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FAST GROWTH

High urbanisation pushing urban dwellers into slums- study

More than 60 per cent of urban households are living in slum areas

In Summary

•Research by Shelter Afrique shows the country’s rate of urbanization currently stands at 4.2 per cent, above the 3.5 per cent continental average resulting in a housing deficit of an estimated two million units

•Kenya has an estimated two million units housing backlog with an annual demand of 200,000 new units versus the 50,000 currently being constructed

A government slum upgrading project undertaken by United Nations Habitat, is seen near the sprawling Kibera slum in Nairobi, August 26, 2011. /REUTERS
A government slum upgrading project undertaken by United Nations Habitat, is seen near the sprawling Kibera slum in Nairobi, August 26, 2011. /REUTERS

Kenya’s fast paced urbanisation is pushing a large number of urban dwellers into slums due to high rents, according to Shelter Afrique. 

The Pan-African housing development financier said that Kenya is urbanising much faster compared to its peers, piling pressure on access to basic shelter and social amenities.

Research by the firm shows the country’s rate of urbanisation currently stands at 4.2 per cent, above the 3.5 per cent continental average resulting in a housing deficit of an estimated two million units.

 

“Our research has shown that Kenya has an estimated two million units housing backlog with an annual demand of 200,000 new units versus the 50,000 currently being constructed,” Shelter Afrique chief executive Andrew Chimphondah said.

This, he said, has resulted in more than 60 per cent of urban households living in slum areas, a situation that is likely to worsen with the increasing urbanisation rate.

According to UN-Habitat, Nairobi alone is home to nearly four million people meaning nearly 2.4 million are currently living in slums.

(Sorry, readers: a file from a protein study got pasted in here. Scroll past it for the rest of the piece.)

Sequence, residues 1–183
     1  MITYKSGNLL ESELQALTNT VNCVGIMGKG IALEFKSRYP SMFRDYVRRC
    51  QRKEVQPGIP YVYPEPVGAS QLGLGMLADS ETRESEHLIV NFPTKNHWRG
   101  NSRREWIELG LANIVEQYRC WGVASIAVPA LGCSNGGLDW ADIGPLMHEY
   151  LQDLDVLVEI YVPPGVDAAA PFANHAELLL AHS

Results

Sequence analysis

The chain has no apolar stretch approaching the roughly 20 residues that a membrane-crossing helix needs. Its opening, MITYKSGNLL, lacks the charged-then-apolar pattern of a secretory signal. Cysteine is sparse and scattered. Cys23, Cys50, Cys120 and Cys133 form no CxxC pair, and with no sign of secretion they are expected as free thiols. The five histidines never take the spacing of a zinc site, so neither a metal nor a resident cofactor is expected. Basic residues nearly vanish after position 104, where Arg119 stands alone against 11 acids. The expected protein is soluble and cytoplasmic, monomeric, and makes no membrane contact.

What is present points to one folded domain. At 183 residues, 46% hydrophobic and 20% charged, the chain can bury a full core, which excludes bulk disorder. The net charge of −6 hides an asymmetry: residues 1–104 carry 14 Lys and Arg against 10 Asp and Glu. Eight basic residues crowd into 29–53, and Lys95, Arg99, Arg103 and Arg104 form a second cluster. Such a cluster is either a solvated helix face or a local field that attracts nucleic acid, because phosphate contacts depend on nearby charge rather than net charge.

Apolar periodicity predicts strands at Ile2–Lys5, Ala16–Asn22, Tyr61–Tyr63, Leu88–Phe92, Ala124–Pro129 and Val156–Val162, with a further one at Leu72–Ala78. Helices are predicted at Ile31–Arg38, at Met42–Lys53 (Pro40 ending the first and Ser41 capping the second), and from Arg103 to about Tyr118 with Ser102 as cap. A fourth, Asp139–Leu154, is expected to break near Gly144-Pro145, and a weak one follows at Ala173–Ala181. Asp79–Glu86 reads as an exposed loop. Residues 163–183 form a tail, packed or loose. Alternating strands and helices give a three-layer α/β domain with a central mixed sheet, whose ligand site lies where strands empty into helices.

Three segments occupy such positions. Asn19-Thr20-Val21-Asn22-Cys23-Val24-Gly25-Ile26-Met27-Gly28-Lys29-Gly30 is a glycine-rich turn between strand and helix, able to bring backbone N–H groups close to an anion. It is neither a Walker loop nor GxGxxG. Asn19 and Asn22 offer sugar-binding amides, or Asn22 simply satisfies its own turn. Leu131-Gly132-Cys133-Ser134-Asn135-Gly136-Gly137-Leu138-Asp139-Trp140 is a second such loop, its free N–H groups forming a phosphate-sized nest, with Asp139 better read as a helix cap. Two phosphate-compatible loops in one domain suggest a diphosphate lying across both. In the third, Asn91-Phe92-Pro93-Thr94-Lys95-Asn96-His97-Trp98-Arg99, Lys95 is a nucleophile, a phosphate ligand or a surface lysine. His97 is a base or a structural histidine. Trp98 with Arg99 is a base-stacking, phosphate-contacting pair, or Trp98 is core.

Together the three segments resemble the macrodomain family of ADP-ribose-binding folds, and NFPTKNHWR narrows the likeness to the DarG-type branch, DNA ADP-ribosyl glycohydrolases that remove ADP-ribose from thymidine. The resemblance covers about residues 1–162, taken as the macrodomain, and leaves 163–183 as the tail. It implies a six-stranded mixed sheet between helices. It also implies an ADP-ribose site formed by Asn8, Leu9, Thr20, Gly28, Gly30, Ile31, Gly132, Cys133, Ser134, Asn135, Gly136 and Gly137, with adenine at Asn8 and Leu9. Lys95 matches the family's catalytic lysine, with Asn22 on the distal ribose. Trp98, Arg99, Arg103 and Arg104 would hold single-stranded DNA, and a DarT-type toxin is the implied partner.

Nairobi is also one of Africa's most expensive cities for housing according to the World Bank, with prices in 2013 nearly three times those of 2000.

Coupled with years of unplanned growth amid rapid urbanization, more than half of the city’s residents now reside in slum areas.

This is despite the cropping up of satellite towns and increased housing development in Nairobi and its environs.

“As the rate of urbanization increases so does the demand for decent housing and this partly explains why many Kenyans are living in slum settings,” Chimphonda said.

 

He added that housing affordability continues to be a key challenge in the country given the current high cost of funding and unavailability of financing, amid rising property prices. 

Data by the Kenya National Bureau of Statistics shows 74.5 per cent of Kenyans earn Sh49, 999 a month or below in the formal sector. 

“This means that an affordable housing unit would need to have a monthly rental price of Sh15, 000 and below, assuming a maximum of 30 per cent of household gross income is spent on housing,” Chimphondah said. 

He however lauded the government for increased efforts in creating cheaper homes as part of the affordable housing pillar under the Big Four agenda.

“We are, however, encouraged by the initiatives already put in place by the government of Kenya to address the issue,” he said.

Last month the government announced that the planned construction of 500,000 affordable housing units is on course, growing at a rate of about 200,000 units a year.

The housing financier also lauded the formation of the Kenya Mortgage Refinance Company (KRMC), aimed at providing long term lending to commercial banks, microfinance banks and Saccos to allow them to extend mortgage loans to eligible borrowers over a longer period and at a lower cost.

Data by the Central Bank of Kenya shows Kenyan’s have been slow to take up mortgages, with less than 25,000 mortgages in the market.